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Julian Gehman founded the V2X Alliance, www.v2xalliance.com, in order to advocate for no sharing of the Intelligent Transportation Service spectrum with unlicensed devices.




[This paper has been accepted into the proceedings of the Annual Meeting of the
Intelligent Transportation Society of America, June 4-7, 2018, Detroit, Michigan.] 

Re-considering 5.9 GHz spectrum sharing

Julian Gehman

Gehman Law PLLC and V2X Alliance, Washington, DC, USA 

Introduction and summary 

Proposed sharing of the 5.9 GHz spectrum band is one of the more serious regulatory impediments to deployment of dedicated short-range communication (DSRC).  A National Academies of Science committee said that the FCC’s 5.9 GHz spectrum-sharing initiative poses “the most serious risk and uncertainty” to DSRC.[1]  Similarly, Toyota Motor Company North America told the FCC that the company was deploying DSRC in Japan and “will be in a position to promptly deploy similar systems in the United States once the current uncertainty regarding the operation of DSRC systems at 5 GHz is resolved.”[2] 

In 1999, the FCC allocated 75 MHz of spectrum at 5.85 GHz to 5.925 GHz for use by DSRC (the “5.9 GHz band”).[3]  In February 2013, the FCC proposed that the 5.9 GHz band be shared with Unlicensed National Information Infrastructure (U-NII) devices.[4]  However, the Institute of Electrical & Electronic Engineers (IEEE) – author of the 802.11a, 802.11n and 802.11ac standards used by U-NII devices, and also author of the 802.11p standard used by DSRC – could not reach agreement on how to get these two sets of standards to co-exist in the 5.9 GHz band.  Two competing protocols, re-channelization and detect-and-avoid, were presented, with the IEEE Tiger Team failing to reach consensus.[5]  The FCC subsequently announced a plan to test prototypes of U-NII and DSRC devices, to determine whether they could co-exist in the 5.9 GHz band without causing harmful interference to DSRC service.[6]  The FCC’s plan included Phase I, Phase II and Phase III testing and was to be completed and submitted by January 15, 2017.[7]  According to informal reports, testing has been delayed by a dearth of prototypes, among other reasons.  As of the writing of this paper (February 2018), the FCC has completed its Phase I testing, but has not reported any results.  The FCC’s planned Phase II and Phase III tests presumably are upcoming, and the agency’s study apparently could go on for several more years.  Lack of clarity about spectrum sharing, which has impeded DSRC for five years, is set to continue into the foreseeable future.

With the passage of time, the assumptions behind this initiative should be re-examined.  This paper provides a critical review of the claim that the 5.9 GHz band must be shared with U-NII devices.  In particular, this paper examines three key assumptions that have driven the 5.9 GHz spectrum-sharing initiative: (1) that there is a shortage of unlicensed spectrum, and the 5.9 GHz band is vital to deployment of high-speed Wi-Fi and 5G, (2) that similar incumbents across the 5 GHz band would facilitate harmonized rules for unlicensed use at 5.9 GHz, and this in turn would allow for economical U-NII devices and aggregated spectrum for high-speed Wi-Fi, and (3) that 5.9 GHz spectrum-sharing was mandated by the Spectrum Act and President Obama’s Executive Memorandum of June 28, 2010.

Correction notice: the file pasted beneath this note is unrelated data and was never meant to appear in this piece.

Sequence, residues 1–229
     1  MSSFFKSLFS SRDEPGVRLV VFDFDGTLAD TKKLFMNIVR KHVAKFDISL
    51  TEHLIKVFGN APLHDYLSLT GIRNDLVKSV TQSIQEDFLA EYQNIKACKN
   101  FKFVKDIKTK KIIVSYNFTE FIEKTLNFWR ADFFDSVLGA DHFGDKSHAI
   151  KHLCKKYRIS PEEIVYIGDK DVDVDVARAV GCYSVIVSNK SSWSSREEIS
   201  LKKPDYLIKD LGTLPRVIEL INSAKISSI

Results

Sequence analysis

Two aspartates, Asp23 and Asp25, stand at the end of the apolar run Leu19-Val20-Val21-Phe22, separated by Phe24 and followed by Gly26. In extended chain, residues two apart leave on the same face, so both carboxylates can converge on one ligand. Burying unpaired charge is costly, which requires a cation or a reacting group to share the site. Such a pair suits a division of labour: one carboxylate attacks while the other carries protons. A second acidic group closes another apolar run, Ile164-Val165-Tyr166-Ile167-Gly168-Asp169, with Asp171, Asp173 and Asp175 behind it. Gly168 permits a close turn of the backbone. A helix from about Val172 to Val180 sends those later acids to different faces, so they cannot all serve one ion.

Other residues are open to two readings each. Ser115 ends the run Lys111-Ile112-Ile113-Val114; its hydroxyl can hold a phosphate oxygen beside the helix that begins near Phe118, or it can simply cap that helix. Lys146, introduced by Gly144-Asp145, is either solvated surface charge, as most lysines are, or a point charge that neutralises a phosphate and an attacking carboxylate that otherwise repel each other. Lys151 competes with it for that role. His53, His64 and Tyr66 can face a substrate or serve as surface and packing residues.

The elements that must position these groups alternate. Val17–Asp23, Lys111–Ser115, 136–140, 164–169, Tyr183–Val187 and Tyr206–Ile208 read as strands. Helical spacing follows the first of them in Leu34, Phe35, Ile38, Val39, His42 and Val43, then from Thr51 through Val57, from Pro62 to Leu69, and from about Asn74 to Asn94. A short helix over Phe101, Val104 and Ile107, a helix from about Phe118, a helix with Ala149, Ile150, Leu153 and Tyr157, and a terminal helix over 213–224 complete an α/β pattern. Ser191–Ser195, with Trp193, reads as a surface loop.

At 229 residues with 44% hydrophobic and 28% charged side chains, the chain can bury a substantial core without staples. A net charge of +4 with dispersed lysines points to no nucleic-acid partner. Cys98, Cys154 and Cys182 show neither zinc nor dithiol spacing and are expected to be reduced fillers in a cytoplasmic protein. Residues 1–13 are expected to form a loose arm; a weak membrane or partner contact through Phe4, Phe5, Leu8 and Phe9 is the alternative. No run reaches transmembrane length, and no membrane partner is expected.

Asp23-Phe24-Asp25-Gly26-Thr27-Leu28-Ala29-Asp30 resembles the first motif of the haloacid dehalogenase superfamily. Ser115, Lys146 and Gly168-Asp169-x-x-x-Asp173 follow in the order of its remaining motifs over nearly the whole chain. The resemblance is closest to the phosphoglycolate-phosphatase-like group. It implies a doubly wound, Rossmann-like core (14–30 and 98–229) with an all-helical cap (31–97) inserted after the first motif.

In summary, these assumptions are misplaced, and the rationale for sharing the 5.9 GHz band seems questionable.  (1) There is no shortage of unlicensed spectrum.  The Wi-Fi and cable television companies are using a spectrum-inefficient configuration to deliver Wi-Fi.  The focus should be on improving spectrum efficiency rather than seeking more spectrum to use inefficiently.  Nevertheless, existing unlicensed spectrum at the 5 GHz band is sufficient to meet current demand, and additional allocation in the FCC’s pending Mid-Band Proceeding should provide a substantial amount of unlicensed mid-band spectrum that should more than satisfy the projected needs of the inefficient Wi-Fi configuration, all without using the 5.9 GHz band.  (2) DSRC is different from other incumbents in the 5 GHz band.  DSRC is much less tolerant of radio interference.  Under a detect-and-avoid regime, any U-NII device operating at 5.9 GHz would have to employ new equipment, including a new chipset, and would be subject to stringent rules which, from a U-NII operator’s perspective, would be worse than dynamic frequency selection (DFS).  If re-channelization were adopted, U-NII devices should be able to form a 160-megahertz bandwidth that is not subject to DFS, but could face spectrum congestion similar to that of the 2.4 GHz band.  Finally, (3) the Spectrum Act mandates a study, not re-allocation of the 5.9 GHz band, and President Obama’s Memorandum, calling for 500 megahertz of spectrum to be made available for broadband, has been more than satisfied by other allocations.  These points are reviewed in greater detail below.

Background on U-NII devices

U-NII devices provide wireless Internet access and other wireless services.  U-NII devices can be mounted in a public place above roof-top level, providing point-to-multipoint service.  For example, the popular Canopy U-NII device, manufactured by Motorola, Inc., has a range of approximately two miles unassisted, or ten miles with reflectors.[8]  However, the most common U-NII device is the Wi-Fi “hot spot” or access point found in residences and businesses.  According to the FCC, “U-NII devices are unlicensed intentional radiators, which use wideband digital modulation techniques to provide a wide array of high-data-rate mobile and fixed communications used by individuals, businesses and institutions, particularly for wireless local area networking – including Wi-Fi – and broadband access.”[9] 

The bigger the bandwidth of U-NII transmission, the faster the speed.  U-NII devices operating at 5 GHz utilize three Wi-Fi standards with increasingly greater bandwidths and speeds: IEEE 802.11a (20-megahertz channel bandwidth and maximum date rate of 54 Mbit/s), 802.11n (20- or 40-megahertz bandwidth, with data rates up to 600 Mbit/s on the 40 megahertz channel), and 802.11ac (20-, 40-, 80- and 160-megahertz bandwidths, with data rates up to 1Gbit/s).  Finally, a new standard, IEEE 802.11ax is expected in 2019.